The long walk to Rome
An historic pilgrimage, completed at the end of October, traced the steps of Martin Luther from Erfurt, Germany, to Rome, and marked the 500th anniversary of Luther’s trek. The couple making the pilgrimage, Andrew and Sarah Wilson, provided a firsthand account of their experience at Augsburg College’s Founders Lecture in Minneapolis November 10 and 11, less than two weeks after completing the trip.
“The Founders Day Reformation Lectures, now in their sixth year, connect Augsburg’s history and heritage to the founding of the Lutheran Church and help us link Luther’s theology to issues we face in living our mission and vision as a college,” explained Dr. Paul Pribbenow, president of Augsburg. “As we move closer to the 500th anniversary celebration of the Reformation in 2017, these lectures help us build a strong Augsburg tradition around the 95 Theses and the issues of the Reformation that inform our vocational education today.”
Andrew Wilson, with a doctorate in church history from Princeton Theological Seminary, is a Fellow at the Foundation for Interreligious and Intercultural Research and Dialogue in Geneva, Switzerland. In his Founders Day Lecture, “Pomegranates, Passes, and Popes: A Kinetic Perspective on Luther’s 1510 Trip to Rome,” he said, “Five hundred years have passed since the Augustinian monk set off from his Erfurt cloister, … and I was surprised by how few really old buildings there still were.”
Sarah Hinlicky Wilson is an ELCA pastor with a doctorate in systematic theology from Princeton. She is assistant research professor at the Institute for Ecumenical Research in Strasbourg, France. In her lecture, she remembered the watershed World Mission Conference in 1910, when mainline denominations worldwide gathered to discuss world evangelism. In the midst of honest discussions about their mutually devious competition for converts and, therefore, their tendency to avoid fellowship, the modern ecumenical movement was born. “Ecumenism was born out of mission,” she reiterated.
We also were blessed with generous hospitality along the way. God provided when we were in need.
While the pilgrimage was planned to draw attention to ecumenical movement and strides made by Lutherans and Roman Catholics in the last 50 years, it also had a personal side — a human interest story. Russell Tokheim interviewed the Wilsons by email before their arrival in the U.S.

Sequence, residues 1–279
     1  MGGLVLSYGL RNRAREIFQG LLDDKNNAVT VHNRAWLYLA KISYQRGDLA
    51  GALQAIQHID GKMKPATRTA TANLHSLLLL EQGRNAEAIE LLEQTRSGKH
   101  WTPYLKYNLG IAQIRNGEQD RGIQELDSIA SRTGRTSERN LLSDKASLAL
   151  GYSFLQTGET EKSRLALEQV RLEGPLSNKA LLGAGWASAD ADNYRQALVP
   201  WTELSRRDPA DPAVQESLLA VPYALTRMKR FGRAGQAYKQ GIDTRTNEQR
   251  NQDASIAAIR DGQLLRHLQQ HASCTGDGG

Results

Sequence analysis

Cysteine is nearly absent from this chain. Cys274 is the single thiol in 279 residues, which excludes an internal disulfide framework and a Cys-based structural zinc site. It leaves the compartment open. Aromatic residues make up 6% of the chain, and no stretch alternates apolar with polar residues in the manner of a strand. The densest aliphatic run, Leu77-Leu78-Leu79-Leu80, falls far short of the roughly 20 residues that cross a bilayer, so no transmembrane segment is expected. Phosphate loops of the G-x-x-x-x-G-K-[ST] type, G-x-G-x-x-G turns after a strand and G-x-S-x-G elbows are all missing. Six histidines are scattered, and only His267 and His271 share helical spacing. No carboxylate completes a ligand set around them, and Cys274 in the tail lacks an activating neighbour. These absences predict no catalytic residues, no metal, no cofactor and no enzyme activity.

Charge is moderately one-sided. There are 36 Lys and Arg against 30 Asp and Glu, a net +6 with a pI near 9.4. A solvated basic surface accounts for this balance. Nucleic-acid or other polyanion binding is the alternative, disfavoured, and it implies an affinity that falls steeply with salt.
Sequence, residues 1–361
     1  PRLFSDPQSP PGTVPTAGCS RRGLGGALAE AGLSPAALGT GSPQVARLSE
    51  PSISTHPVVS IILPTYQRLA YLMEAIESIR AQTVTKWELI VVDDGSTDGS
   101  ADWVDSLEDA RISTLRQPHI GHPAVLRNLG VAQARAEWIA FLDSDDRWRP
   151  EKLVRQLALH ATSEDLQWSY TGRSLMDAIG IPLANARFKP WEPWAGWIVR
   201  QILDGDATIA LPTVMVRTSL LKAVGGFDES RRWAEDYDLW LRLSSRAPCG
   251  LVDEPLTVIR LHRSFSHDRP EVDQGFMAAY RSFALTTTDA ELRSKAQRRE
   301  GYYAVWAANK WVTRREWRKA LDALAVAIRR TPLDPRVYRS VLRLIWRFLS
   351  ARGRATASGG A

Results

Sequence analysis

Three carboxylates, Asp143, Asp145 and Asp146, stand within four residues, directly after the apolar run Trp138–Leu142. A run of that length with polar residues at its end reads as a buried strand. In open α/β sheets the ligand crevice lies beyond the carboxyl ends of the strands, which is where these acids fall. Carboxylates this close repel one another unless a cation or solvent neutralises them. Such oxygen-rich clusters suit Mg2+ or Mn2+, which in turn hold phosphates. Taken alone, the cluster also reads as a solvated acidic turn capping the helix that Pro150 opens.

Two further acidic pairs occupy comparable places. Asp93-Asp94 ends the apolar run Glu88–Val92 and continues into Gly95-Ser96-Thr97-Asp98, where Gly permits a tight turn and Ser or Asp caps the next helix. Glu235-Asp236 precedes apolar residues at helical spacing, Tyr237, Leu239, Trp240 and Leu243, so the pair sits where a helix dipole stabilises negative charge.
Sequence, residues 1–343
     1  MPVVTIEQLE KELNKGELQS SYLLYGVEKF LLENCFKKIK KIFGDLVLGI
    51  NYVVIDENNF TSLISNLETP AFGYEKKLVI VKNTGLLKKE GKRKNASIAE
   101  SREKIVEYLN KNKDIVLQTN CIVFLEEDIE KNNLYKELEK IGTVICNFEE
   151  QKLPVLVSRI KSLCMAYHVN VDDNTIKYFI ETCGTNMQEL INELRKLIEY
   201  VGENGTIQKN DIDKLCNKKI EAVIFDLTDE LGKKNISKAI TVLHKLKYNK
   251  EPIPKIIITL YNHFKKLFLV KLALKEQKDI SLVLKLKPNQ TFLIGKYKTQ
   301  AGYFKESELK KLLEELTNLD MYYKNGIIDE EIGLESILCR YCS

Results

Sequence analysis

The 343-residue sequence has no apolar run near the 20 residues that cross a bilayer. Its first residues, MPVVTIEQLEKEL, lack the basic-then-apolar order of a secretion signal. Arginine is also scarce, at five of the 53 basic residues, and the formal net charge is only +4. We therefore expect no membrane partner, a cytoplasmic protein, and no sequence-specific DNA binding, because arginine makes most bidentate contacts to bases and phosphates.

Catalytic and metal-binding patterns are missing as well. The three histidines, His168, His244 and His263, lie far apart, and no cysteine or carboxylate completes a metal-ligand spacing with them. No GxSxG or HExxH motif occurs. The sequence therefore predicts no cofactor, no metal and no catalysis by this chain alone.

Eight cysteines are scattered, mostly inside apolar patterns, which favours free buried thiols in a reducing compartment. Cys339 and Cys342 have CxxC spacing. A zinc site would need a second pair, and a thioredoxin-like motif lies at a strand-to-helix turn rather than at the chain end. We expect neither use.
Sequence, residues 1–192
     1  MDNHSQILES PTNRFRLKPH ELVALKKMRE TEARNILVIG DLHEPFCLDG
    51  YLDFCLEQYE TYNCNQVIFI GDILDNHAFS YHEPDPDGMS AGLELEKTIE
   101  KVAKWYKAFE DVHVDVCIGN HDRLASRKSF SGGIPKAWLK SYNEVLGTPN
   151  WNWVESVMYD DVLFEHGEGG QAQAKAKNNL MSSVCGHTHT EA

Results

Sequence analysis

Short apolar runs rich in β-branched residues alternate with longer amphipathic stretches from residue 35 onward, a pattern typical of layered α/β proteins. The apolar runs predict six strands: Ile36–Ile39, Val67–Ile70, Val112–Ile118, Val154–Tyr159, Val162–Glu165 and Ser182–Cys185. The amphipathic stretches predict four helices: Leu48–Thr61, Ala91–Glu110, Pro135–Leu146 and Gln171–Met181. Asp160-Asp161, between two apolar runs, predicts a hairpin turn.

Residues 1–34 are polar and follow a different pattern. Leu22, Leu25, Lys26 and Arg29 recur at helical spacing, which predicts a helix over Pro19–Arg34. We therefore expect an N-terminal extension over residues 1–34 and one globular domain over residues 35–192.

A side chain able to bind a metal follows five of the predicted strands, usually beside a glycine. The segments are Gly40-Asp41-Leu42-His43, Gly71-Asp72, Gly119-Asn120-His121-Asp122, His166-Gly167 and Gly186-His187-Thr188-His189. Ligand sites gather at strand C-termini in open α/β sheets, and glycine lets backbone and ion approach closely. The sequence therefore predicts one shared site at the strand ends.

Metro Lutheran: What was the most rewarding aspect of your pilgrimage?
It was a true privilege to be able to see a good swath of European city- and countryside at a human pace. While signs of human activity are everywhere in Europe, walking makes you realize how undeveloped even densely populated countries like Germany are. Andrew tried with his photographs to capture our own visual interaction with the landscape — human-made and otherwise.
We also were blessed with generous hospitality along the way. God provided when we were in need, and we are thankful with the — sometimes linguistically confused — interactions we were able to have. I fondly remember a beer we shared on a thirsty afternoon with a mute Italian. He needed some company, we needed some refreshment. There were many similar moments.
Describe your most interesting personal encounter of the journey.
In Chiavenna, our first stop in Italy right on the border with Switzerland, we stayed at a bed-and-breakfast operated by a big family there — parents, four kids, and a neighbor who more or less is always with them. We spoke no Italian, but the mom spoke French, the dad spoke German, the kids spoke English, and the neighbor spoke Spanish (and we can basically operate in those other languages), so we had lively conversations of serious linguistic entanglement. We hit it off so well, and they were so charmed by our project, that they invited us to dinner at their home that night, with the local specialties of gnocchetti di Chiavenna (small gnocchi with lots of butter and cheese) and bresaola (sort of like a beef version of prosciutto).